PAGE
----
Heart-healthy Greek recipes and Greek diet tips
Heart-healthy Greek Diet
Greek Diet Tips
1. Use Good Olive OilOlive oil is one of the best fats you can consume. It has the highest amount of monosaturated fats as compared to other oils and has been associated with lowering LDL or bad cholesterol.
Replace butter with olive oil when sauteing vegetables, chicken, fish or other lean proteins. Use as the base for salad dressings along with vinegar and fresh herbs and seasonings. You can even drizzle olive oil on popcorn. And don't forget, you can always munch on olives for similar health benefits. But, as with all things, moderation is key, particularly since olives and olive oil are high in calories.
2. Eat Whole Grains and BarleyWhole grains and barley products have been shown to reduce the risk of coronary heart disease (the FDA has approved this statement). Replace all white breads with whole grain or cracked grain breads. Replace white rice with barley and make a fiber-rich salad with fresh vegetables and barley, drizzled with olive oil.
3. Consume Leafy GreensRich, dark colored greens like spinach, kale, or escarole are not only delicious but also nutritious. These leafy greens contain lutein, which can help prevent clogged arteries and protect your eyes and skin. Substitute leafy greens in all salads and as garnishes on sandwiches. You can also saute leafy greens with olive oil for an antioxidant-rich side dish.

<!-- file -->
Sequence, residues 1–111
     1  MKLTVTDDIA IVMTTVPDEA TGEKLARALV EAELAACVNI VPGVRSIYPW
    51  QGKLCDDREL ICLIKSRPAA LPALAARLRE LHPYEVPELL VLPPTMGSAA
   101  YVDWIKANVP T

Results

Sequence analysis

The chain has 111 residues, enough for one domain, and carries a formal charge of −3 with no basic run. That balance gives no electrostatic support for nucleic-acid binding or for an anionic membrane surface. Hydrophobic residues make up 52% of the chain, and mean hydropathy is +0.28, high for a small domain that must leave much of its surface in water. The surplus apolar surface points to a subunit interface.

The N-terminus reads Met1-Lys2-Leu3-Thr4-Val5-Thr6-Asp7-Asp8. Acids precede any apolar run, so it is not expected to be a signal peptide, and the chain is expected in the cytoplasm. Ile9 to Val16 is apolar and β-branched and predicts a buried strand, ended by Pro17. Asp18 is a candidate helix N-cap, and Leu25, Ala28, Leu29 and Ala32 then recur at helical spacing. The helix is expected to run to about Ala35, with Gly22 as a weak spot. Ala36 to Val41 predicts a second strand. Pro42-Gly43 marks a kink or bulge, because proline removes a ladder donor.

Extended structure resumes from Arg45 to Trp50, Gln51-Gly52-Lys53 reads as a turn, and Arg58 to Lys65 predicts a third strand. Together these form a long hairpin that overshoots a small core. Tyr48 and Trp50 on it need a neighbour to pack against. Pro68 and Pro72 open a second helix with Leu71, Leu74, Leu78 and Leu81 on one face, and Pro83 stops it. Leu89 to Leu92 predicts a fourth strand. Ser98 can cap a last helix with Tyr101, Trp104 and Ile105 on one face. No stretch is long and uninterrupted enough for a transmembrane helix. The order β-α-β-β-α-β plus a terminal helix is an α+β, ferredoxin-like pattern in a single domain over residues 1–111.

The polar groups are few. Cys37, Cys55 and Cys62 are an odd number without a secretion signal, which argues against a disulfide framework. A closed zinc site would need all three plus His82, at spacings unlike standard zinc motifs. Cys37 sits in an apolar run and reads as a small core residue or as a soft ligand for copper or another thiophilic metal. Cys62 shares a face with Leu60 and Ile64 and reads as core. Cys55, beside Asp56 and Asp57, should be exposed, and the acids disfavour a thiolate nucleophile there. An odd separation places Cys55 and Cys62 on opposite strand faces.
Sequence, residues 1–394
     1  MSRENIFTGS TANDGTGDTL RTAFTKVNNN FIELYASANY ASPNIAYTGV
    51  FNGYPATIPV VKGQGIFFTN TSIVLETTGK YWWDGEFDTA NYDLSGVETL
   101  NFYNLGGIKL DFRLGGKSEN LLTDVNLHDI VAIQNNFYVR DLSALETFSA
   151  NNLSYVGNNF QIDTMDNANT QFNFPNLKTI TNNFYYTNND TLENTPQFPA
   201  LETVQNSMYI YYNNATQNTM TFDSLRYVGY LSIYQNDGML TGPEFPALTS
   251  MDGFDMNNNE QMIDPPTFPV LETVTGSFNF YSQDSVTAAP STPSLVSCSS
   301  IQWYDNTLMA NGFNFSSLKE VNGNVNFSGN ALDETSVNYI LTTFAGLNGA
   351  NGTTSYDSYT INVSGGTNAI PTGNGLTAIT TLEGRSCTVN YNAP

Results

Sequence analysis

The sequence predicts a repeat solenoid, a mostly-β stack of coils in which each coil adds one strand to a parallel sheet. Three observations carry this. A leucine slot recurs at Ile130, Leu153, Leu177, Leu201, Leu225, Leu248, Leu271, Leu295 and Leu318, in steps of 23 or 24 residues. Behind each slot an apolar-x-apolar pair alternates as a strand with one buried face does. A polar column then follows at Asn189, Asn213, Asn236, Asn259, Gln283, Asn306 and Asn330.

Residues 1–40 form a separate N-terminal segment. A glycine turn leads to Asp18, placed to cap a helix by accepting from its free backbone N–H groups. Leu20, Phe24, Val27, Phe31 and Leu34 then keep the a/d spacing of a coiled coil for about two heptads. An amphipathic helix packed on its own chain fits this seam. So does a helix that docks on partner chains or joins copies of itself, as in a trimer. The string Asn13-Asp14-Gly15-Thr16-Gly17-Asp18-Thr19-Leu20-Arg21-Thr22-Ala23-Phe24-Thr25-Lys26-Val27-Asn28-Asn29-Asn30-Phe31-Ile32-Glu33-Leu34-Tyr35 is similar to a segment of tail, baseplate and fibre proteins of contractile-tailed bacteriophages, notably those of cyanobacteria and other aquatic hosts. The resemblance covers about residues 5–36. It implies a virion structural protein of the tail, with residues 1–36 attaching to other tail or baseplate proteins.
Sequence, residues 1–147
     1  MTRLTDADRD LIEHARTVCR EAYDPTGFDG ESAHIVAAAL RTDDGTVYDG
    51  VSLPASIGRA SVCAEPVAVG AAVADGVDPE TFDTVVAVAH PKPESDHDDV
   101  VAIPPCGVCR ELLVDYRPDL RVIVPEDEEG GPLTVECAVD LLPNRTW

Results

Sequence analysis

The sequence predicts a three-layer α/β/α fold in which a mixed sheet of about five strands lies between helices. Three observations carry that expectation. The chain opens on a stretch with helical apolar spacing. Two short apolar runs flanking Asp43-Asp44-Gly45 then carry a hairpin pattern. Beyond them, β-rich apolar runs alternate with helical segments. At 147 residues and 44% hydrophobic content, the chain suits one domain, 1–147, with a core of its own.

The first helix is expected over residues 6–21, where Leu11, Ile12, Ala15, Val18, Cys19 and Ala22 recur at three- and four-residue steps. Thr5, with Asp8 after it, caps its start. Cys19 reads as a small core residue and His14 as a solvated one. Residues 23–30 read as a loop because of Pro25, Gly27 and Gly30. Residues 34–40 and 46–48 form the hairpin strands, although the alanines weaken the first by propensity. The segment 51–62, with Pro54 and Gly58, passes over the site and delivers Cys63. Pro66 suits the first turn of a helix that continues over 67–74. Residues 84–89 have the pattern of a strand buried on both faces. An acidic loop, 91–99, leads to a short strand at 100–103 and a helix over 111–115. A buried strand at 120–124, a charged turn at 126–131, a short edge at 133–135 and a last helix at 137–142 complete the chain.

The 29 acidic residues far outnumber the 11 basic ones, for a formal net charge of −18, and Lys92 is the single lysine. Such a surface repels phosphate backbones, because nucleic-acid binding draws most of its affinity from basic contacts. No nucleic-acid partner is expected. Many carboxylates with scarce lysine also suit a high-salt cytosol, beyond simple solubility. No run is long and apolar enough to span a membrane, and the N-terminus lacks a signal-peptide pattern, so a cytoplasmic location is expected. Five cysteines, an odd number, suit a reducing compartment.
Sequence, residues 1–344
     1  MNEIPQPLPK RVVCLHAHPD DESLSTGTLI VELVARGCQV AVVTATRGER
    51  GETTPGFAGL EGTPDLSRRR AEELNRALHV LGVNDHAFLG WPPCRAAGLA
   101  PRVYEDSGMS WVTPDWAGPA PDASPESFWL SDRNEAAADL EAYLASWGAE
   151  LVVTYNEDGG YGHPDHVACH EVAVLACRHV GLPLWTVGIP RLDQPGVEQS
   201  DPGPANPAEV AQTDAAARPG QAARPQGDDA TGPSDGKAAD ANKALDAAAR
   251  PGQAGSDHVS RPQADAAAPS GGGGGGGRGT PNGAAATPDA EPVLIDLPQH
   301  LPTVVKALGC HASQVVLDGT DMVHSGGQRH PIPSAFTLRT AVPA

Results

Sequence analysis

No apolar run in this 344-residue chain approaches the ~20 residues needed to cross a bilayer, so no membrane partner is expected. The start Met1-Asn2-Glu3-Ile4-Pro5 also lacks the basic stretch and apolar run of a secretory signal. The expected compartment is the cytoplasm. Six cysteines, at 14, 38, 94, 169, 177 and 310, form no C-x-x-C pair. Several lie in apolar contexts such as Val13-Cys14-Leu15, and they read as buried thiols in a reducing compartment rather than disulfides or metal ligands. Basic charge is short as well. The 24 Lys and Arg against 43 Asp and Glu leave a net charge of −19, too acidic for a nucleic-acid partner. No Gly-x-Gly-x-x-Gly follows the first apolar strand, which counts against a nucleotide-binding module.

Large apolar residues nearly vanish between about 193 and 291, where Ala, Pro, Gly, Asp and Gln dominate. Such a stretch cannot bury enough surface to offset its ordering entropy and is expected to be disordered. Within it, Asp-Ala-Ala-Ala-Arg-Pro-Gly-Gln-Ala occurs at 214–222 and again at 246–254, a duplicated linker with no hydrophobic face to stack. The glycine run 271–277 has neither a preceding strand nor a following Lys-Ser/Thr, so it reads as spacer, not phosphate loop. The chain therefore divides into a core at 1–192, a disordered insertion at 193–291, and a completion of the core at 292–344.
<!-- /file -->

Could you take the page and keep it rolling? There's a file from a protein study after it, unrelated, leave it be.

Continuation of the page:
4. Consume LegumesBeans, peas, and lentils are packed with protein. They are also high in fiber and can help protect your heart and reduce your risk of colon cancer. Use beans instead of rice as a side dish or instead of pasta in salads. Not only will you be more satisfied with your meals, you will be improving your diet.
5. Fresh, Seasonal, and All-Natural Foods RuleLoading up on fresh fruits and vegetables and staying away from canned or processed foods is the way of the Greek diet. Typically, the center of the meal is made of vegetables with just a little meat. Try placing the main focus of the meal on vegetables and use meat as a side dish. This will increase your intake of antioxidants and fiber and lower your intake of calories and saturated fat.
Greek Bean and Tomato CasseroleMakes 6 to 8 servings
2 onions, finely chopped
1 cup olive oil
2 to 3 garlic cloves, finely chopped
1 green pepper, thinly sliced
2 pounds of fresh green beans, washed, ends trimmed
2 cups of tomatoes, peeled, finely chopped
1 small bunch fresh parsley, finely chopped
1/4 cup of water
Saute the onions in oil in a large pot until translucent. Mix in garlic and cook for a few seconds. Mix in the rest of the ingredients. Lower heat to medium, place lid on pot, and simmer 50 minutes or until beans are tender. If needed, add more water while cooking. Serve warm.
Sauteed Leafy GreensMakes 4 servings
1 1/2 pounds of spinach or other leafy greens*, washed, stems trimmed
Freshly ground pepper
Extra virgin olive oil
2 lemons, juiced
1. Cook greens in 1 to 2 inches of salted boiling water. Boil for 10 to 15 minutes or until greens are tender.
2. Using tongs, move greens to a colander, squeezing out as much liquid as possible. Toss greens with salt, pepper, oil, and lemon juice to taste. Serve warm or at room temperature.
*Leafy greens to consider are dandelion greens, mustard greens, beet greens, endive, nettles, chicory, wild spinach, or broccoli rabe.
Honeyed Cheese and FruitMakes 2 servings
3 tablespoons of walnut halves
3 ounces manouri cheese*
1/8 cup of honey
1 fresh apple, sliced
1 fresh pear, sliced
1. Preheat oven to 375 degrees F. To toast nuts, place walnuts on a cookie sheet and bake for 6 minutes, shaking the cookie sheet after 3 minutes to flip nuts.
2. Arrange cheese on a serving platter. Drizzle with honey, scatter with nuts, and place fruit around cheese. Serve with a white or red wine.
*Manouri is a Greek cheese that can be found in specialty markets. Goat cheese, Brie, cream cheese, or farmer's cheese can be substituted.